It was 1988. I was 38, married, had two young daughters, and was working full time. In my “free” time I volunteered for RESULTS, an international advocacy organization to end poverty. I was no stranger to seemingly insurmountable issues.
Barbara Dunlap was the group leader of our local RESULTS chapter. I liked her. She ran a good meeting, she was smart, energetic, and solid. She moved like a New Yorker—a blonde with blunt-cut hair swinging as she walked decidedly on her way to somewhere.
Then suddenly, she quit the group. She said there was something more pressing that needed her attention—something she referred to as global warming.
“What’s global warming?” My forehead tightened as I asked the question.
She gave some long explanation that I couldn’t follow about ice caps melting, weather patterns changing, crops dying. I must have glanced off into space or changed the subject, because she called me back by name.
“Davia, this is big—bigger than poverty, bigger than everything put together.”
A picture came to mind: the ice at the top of the globe turning to water and washing over Alaska. Something faraway and hardly relevant. I smiled at Barbara in a distracted way and thought, “Okay, so she’s crazy. I didn’t see that one coming.”
I had no idea what she was talking about and certainly global warming—whatever that was—had nothing to do with me or anyone else I knew.
Barbara gave up on me and disappeared. I promptly forgot about that thing called global warming.
It is only now that I think back and wonder if she felt the same frustration that I sometimes feel today. How in the world could she get me to see the undeniable, absolute relevance of global warming to my life? How could she get me to understand the urgency and immediacy? Did she hunt for the right words, hoping to get my attention? Did she walk away frustrated with herself for lacking the communication skills to wake me up? Was she angered by my inability to connect the dots?
I haven’t seen Barbara since that year, but I think about her when I try to engage others in a conversation about climate change. When they turn away, change the subject, or fail to see the relevance, I remind myself that I too turned away, changed the subject, and failed to see the relevance. I wasn’t bad or stupid or insensitive in 1988. I just didn’t get it yet.
Now, in 2016, I can put myself in her shoes. Now I am the one who is talking to folks who don’t get it. Rather than judge and criticize, I try to step into their shoes—the shoes I wore in 1988. I try to talk and listen in an open-hearted way that will inspire them to action.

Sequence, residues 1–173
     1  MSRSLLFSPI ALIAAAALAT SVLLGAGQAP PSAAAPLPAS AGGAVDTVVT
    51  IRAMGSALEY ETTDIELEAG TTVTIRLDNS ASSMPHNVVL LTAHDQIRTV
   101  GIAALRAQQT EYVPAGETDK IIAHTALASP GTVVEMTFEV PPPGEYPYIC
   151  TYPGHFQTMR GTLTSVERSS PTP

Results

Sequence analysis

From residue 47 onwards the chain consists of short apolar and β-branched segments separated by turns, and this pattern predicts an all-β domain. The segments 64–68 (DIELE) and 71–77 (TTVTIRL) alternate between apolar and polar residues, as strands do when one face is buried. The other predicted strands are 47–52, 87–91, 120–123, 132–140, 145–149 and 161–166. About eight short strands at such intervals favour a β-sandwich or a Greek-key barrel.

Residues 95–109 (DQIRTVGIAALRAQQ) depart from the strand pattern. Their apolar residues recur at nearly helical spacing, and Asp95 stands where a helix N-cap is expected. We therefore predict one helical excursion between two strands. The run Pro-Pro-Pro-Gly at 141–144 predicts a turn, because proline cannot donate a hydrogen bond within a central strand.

When having these conversations, these are the seven points I try to remember:
1. Listen to what matters to them. Make climate change personal—because it is. It’s easy to connect the dots to so many things that matter. Skiing options in North America are dwindling. Surf destinations are being threatened. Countries that once produced favorite foods such as chocolate, coffee, and wine are finding crops will no longer grow in their changed climate. Just about every area of our lives will be impacted, so if I can find out what matters most to the other person, I can explain how that area will be impacted by global warming.
2. Big issues need clear bite-sized action steps. As Meryl Streep recently said, “None of us can do everything, but each of us can do something.” Kind of like that old joke: “How do you eat a hippopotamus? One bite at a time.”
3. Congress is Key. Suggest they learn about their U.S. Representative. Ask them to find the name of their Member of Congress at house.gov then search for climate change on the congress member’s website. Learn what their MoC says about climate change. Find out what actions they’re taking.
4. Build Congressional Relationships. Ask them to write a letter to their MoCongress. Follow this outline—Introduce yourself, tell your MoC why you are concerned about climate change, then ask them to get back to you and tell you what actions they are taking.
5. Be patient. Notice whether the listener is still engaged. Continue to make climate change personal. Ask them if they see evidence in their own lives. In what way?
6. Be grateful. You too were once less than interested in climate change.
7. Remember that every conversation matters.
Sometimes I get it right. Sometimes I don’t. The point is I keep trying and, hopefully, make an impact, one person at a time.